A business may now not know whether it committed fraud until the government chimes in. There are thousands of regulations with which businesses need to comply. If you recklessly (or perhaps worse, intentionally) miss one—regardless of which one—and it proves to be material to the government’s decision to pay you, you might be on the hook for fraud. The analysis used to turn on whether the government had labeled that regulation a “condition of payment.” However, with today’s Supreme Court’s decision in Escobar, the analysis has shifted to whether there was an intent to mislead and whether it was material to the government’s decision to pay. In its unanimous decision, the Supreme Court concluded that what matters is not what label the government attaches to a particular requirement, but whether a party knowingly violated a requirement they know to be material to the government’s decision to pay.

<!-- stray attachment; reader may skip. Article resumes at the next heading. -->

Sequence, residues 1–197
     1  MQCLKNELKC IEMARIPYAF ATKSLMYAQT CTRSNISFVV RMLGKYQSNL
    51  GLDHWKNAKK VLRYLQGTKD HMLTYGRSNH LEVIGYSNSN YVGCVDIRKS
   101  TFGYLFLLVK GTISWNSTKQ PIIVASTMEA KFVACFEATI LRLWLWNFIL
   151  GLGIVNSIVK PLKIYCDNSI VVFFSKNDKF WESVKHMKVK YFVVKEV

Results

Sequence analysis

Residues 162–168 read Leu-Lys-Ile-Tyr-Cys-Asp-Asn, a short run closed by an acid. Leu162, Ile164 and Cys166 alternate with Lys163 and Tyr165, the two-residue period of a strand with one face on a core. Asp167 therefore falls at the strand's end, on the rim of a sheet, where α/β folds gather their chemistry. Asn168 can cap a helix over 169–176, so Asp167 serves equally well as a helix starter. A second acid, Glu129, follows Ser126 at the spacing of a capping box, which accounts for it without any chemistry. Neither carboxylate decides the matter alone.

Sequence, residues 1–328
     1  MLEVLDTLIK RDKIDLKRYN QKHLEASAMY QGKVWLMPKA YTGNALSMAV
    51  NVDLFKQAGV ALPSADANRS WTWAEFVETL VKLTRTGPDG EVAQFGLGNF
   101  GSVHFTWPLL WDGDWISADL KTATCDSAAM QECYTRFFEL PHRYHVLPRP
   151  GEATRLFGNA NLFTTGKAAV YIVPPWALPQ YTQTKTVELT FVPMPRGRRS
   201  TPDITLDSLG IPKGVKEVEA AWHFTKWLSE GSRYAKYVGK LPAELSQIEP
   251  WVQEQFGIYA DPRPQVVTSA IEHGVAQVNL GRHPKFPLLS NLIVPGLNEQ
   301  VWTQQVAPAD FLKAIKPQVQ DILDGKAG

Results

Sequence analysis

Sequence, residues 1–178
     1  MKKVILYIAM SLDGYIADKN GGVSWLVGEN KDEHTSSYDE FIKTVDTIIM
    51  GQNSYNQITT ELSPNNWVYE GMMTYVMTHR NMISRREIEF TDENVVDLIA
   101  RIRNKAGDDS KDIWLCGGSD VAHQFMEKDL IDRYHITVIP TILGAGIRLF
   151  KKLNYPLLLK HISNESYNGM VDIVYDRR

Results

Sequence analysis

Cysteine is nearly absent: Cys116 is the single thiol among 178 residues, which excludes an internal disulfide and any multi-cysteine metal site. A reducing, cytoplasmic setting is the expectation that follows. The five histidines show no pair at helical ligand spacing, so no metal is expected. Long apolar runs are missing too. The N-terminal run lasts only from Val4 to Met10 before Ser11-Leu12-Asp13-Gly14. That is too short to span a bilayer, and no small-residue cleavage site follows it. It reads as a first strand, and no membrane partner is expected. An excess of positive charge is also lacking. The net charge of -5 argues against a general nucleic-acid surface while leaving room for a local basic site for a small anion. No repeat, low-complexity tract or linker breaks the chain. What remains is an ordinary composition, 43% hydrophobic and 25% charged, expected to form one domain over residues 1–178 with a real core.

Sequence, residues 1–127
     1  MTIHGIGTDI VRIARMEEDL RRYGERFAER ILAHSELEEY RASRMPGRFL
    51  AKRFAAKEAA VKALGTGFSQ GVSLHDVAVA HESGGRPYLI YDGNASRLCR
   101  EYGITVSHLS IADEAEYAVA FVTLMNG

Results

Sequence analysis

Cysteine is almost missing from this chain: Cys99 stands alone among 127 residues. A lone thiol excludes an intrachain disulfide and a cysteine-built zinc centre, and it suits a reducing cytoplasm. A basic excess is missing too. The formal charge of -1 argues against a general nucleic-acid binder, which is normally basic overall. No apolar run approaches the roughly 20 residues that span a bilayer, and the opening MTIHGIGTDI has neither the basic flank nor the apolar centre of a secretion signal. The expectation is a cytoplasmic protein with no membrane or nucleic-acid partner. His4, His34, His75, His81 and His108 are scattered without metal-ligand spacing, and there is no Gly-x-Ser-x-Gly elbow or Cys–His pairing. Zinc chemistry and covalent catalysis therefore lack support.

To read the full text of this Duane Morris Alert, please visit www.duanemorris.com.